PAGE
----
I recently attended a meeting that went something like this:
Everyone came in, many of them rushing, a few looking at cell phones. They sat at the conference table, laptops popped open. The person who’d called the meeting looked around, said ‘I think we’re all here,’ immediately threw a spreadsheet up on the screen, and started going through a bunch of numbers.
The attendees (I was there as an observer) scrambled to keep up. . .then they started asking a ton of questions about the spreadsheet. They questioned assumptions, tried to solve for problems that hadn’t been directly mentioned, and asked for additional details. The meeting-caller became increasingly flustered as the gathering spiraled out of control.
After 45 minutes, time was up. Laptops collapsed and everyone left. No action items, no real resolution. I wasn’t even clear what the intention of the meeting had been.
It didn’t feel so great. The meeting-caller, who happened to be my client, looked at me: ‘Please tell me there’s a better way to do that.’
Master storyteller and teacher Doug Lipman breaks a storytelling performance into four sections:
I’ve found that applying these sections to meetings works incredibly well:
Disallowing use of the word ‘but’ for the duration of the meeting.
3. Introducing the use of a ‘talking piece’ that delineates the role of speaker and listener. In the right setting, this can have the effect of slowing down the conversation so participants listen deeply to each other. In the wrong setting, it can feel weird or inappropriate.
3. Performance –––> The Meeting
This is the bulk of your meeting; the content. If you have established a consent agenda or agreements before jumping into the meeting, it gives you the ability to refer back to them should the meeting become chaotic.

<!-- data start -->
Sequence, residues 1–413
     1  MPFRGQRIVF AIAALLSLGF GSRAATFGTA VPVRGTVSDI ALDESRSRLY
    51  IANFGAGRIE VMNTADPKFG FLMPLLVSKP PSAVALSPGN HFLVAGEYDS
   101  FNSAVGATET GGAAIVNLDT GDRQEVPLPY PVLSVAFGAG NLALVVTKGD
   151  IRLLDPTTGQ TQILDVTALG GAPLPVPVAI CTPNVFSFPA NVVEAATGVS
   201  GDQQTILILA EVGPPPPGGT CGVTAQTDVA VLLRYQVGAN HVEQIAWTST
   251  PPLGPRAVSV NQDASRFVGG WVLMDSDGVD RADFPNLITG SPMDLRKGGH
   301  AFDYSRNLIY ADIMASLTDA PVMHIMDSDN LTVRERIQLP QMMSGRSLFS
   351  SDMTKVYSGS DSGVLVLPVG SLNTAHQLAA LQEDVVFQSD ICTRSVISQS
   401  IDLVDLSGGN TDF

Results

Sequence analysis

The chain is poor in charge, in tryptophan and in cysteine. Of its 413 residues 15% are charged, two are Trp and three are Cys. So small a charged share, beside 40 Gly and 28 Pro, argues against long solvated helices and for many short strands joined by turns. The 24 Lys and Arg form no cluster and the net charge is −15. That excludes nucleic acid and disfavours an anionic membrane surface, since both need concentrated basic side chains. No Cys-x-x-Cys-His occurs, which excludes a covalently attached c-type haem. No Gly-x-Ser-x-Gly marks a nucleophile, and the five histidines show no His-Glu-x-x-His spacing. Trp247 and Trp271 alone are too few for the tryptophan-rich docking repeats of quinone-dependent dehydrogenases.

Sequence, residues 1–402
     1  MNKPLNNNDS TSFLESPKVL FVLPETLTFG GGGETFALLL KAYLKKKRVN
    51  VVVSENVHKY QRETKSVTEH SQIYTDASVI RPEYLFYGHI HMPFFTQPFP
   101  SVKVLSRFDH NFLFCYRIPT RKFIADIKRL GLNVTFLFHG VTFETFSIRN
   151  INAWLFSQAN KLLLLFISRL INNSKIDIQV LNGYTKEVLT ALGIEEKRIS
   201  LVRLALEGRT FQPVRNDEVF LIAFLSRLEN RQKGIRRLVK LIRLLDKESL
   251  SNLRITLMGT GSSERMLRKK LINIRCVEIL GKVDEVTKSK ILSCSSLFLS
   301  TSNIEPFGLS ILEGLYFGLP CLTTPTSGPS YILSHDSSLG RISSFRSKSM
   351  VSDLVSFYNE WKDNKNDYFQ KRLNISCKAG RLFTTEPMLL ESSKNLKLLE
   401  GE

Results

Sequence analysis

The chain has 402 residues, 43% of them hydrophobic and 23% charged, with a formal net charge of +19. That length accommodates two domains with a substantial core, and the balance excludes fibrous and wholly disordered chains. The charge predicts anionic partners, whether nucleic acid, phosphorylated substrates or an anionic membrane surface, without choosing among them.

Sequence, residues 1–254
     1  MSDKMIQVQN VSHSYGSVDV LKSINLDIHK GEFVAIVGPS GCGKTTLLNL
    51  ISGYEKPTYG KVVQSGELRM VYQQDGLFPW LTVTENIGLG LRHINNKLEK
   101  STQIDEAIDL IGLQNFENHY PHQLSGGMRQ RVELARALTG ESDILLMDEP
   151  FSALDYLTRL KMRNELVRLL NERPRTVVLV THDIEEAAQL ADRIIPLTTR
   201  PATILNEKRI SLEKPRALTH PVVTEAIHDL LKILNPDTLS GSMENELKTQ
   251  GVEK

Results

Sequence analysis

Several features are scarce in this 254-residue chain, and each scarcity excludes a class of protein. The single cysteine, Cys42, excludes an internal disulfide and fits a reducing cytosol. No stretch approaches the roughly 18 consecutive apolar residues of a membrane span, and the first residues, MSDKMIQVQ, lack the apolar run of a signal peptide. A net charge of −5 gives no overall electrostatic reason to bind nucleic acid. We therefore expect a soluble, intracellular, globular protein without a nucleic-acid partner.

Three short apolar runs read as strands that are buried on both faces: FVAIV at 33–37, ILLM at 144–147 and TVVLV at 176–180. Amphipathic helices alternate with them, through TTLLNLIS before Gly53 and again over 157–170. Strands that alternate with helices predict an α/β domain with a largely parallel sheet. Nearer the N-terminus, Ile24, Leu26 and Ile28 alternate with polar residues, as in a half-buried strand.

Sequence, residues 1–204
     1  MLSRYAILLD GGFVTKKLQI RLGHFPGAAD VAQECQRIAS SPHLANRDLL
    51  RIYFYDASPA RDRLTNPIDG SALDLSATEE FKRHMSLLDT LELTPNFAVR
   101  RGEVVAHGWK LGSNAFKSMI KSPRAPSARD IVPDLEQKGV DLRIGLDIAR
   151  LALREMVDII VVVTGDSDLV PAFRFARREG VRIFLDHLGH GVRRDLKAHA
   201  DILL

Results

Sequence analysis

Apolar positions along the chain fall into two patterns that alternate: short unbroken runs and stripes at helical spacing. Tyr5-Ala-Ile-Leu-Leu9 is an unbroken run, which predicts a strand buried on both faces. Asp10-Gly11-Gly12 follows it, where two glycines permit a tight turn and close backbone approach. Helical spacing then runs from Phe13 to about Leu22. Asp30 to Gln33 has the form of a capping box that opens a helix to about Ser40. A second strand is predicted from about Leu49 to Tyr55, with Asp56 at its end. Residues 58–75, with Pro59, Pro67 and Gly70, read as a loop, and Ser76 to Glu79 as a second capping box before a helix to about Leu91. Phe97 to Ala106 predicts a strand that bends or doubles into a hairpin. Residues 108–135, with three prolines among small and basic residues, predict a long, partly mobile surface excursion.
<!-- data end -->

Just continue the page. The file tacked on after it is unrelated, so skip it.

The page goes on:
4. Acknowledgement –––> Next Steps & Gratitude
In a storytelling performance, ‘acknowledgment’ may look like offering a simple ‘thank you’ to the audience for
their attention. In a meeting, it may look a bit different. Here are a few ways to honor attendees for their time and
The most common push back I get when suggesting this type of meeting structure to clients is that it will feel ‘awkward’ or take too much time. While it’s true that putting a structure place may feel uncomfortable at first, it’s almost always less uncomfortable that the agitation that results from a scattered, unproductive meeting.
As for the amount of time it takes, devoting five minutes at the top of a meeting to unify and invite can save countless minutes, if not hours, that it takes to get everyone on the same page later on.
Ultimately, change of any kind involves some level of discomfort. The question is this: is the level of discomfort you experience in the current scenario greater than the discomfort of embracing change?
If not, carry on!
If so, try some of these ideas and let me know how it goes!
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